Aides have said Trump regularly calls Hannity before or after the program to give feedback, The Washington Post’s Josh Dawsey has reported. “Aides sometimes plot to have guests make points on Fox that they have been unable to get the president to agree to in person,” Dawsey wrote.

Hannity on Wednesday night once again called the Russia investigation a “witch hunt,” as does Trump, and brought on guests who attempted to discredit Justice Department officials and the special counsel.

[Washington Post]

Media

 

Trump continues attacks on Amazon, Washington Post

President Donald Trump is continuing his attack against Amazon, accusing the company of scamming the US Postal Service.

“While we are on the subject, it is reported that the U.S. Post Office will lose $1.50 on average for each package it delivers for Amazon. That amounts to Billions of Dollars,” Trump tweeted Saturday morning.

“The Failing N.Y. Times reports that ‘the size of the company’s lobbying staff has ballooned,’ and that……does not include the Fake Washington Post, which is used as a ‘lobbyist’ and should so REGISTER,” the President wrote. “If the P.O. ‘increased its parcel rates, Amazon’s shipping costs would rise by $2.6 Billion.'”

He added, “This Post Office scam must stop. Amazon must pay real costs (and taxes) now.”

Is it a ‘scam’?

The Postal Service is losing money, but its package delivery service is profitable, unlike its letter delivery.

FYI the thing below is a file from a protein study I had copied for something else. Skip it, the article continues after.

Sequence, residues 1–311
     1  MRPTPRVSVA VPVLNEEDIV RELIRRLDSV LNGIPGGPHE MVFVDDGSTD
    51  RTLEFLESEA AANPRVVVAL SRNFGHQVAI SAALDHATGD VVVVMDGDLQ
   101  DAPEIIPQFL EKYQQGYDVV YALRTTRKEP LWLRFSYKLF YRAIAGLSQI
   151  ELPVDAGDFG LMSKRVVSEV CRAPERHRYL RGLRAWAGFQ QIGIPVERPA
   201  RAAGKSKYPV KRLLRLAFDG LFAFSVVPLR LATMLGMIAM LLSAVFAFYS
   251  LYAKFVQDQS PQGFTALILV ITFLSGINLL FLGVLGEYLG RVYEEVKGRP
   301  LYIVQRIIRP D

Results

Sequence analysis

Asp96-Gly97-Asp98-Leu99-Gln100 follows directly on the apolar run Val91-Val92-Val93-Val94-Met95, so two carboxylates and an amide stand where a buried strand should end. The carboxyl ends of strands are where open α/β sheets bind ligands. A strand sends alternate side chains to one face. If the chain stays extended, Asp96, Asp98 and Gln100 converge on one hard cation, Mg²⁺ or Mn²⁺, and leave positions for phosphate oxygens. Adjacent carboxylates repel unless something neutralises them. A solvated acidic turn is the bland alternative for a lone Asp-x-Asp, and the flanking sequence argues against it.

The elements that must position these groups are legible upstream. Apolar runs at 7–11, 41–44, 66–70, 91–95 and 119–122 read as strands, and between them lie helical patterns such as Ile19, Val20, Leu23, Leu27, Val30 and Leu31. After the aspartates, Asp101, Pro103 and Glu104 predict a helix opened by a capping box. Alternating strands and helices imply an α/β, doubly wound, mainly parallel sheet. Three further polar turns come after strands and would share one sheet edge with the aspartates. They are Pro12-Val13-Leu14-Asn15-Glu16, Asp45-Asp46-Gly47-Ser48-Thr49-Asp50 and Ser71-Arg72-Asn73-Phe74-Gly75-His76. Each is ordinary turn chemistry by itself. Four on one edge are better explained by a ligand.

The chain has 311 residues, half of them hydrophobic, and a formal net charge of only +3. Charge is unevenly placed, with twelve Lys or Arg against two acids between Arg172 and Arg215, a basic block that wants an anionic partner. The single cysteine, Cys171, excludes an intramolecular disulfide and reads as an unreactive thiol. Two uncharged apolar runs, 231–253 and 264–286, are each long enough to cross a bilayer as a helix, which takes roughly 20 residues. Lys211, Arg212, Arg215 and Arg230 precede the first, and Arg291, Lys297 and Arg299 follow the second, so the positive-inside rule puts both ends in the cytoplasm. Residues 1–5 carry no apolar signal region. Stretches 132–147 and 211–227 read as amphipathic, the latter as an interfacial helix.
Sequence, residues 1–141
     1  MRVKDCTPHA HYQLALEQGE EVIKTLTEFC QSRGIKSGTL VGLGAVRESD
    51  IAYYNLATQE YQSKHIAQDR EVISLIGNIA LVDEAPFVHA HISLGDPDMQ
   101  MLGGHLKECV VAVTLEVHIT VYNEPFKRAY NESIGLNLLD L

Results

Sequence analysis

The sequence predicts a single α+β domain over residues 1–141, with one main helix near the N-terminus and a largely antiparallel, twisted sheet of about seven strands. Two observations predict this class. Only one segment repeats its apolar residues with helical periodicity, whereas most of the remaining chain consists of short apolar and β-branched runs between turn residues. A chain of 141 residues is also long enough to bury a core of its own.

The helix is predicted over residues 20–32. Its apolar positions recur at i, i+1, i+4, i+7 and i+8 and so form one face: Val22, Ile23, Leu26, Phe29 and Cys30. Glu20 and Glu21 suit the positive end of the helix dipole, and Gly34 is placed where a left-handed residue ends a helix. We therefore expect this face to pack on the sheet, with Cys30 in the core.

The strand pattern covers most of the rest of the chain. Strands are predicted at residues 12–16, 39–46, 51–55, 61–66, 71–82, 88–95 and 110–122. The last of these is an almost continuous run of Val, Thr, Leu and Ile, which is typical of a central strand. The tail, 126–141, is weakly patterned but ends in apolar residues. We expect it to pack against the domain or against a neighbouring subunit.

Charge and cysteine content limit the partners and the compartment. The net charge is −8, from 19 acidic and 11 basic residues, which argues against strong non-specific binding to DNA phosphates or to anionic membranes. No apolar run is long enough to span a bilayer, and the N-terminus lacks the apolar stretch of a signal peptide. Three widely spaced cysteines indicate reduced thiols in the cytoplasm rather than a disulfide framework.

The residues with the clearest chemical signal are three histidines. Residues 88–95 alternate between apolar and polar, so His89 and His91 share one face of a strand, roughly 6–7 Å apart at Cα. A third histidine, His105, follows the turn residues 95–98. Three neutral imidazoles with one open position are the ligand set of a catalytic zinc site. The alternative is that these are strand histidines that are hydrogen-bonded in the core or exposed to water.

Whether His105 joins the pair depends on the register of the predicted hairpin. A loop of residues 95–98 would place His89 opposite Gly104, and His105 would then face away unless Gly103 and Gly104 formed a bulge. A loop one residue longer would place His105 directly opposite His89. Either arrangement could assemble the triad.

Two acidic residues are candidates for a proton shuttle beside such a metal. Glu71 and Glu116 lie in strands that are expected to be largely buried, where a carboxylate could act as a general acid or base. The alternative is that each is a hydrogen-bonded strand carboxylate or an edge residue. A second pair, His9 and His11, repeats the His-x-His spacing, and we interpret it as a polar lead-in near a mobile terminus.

The Postal Service is required by law to cover its costs for delivering competitive products, such as packages for Amazon, and the Postal Regulatory Commission, which oversees the service, set the appropriate share of those costs at 5.5% a little more than a decade ago.

Since then, the service’s deliveries of those products have grown substantially, and the United Parcel Service argued in a submission to the commission in 2015 that a realistic appropriate share of costs for delivering packages should be about 24.6%.

A Citigroup analysis last year found that that difference would amount to about $1.46 per parcel, which might serve as the basis for Trump’s $1.50 figure. An op-ed penned in July by Josh Sandbulte in the Wall Street Journal cited that analysis in arguing the Postal Service’s estimate of costs for delivering packages should be revised. Sandbulte is co-president of Greenhaven Associates, a money management firm that owns FedEx common stock.

In response, US Postal Service executive Joseph Corbett wrote that the op-ed provided an “inaccurate and unfair account,” and that the Postal Regulatory Commission has determined each year that the service is covering its costs for package deliveries.

Corbett asserted the Postal Service’s financial insolvency is the result of its inability to overcome “systemic financial imbalances caused by legal and other constraints,” such as a price cap on revenue-producing products that doesn’t take changes in delivery volumes and costs into account.

The Postal Service’s biggest money problem is that it has billions in retirement obligations to its workers that it can’t afford.

So what does Amazon pay?

Amazon pays the US post office to deliver packages to customers’ doors, including on Sundays, and because Amazon ships so many packages though the post office, it’s charged at a lower rate than most customers, CNN has reported. But Amazon does not receive a special rate; it pays the rate that the post office charges other bulk shippers.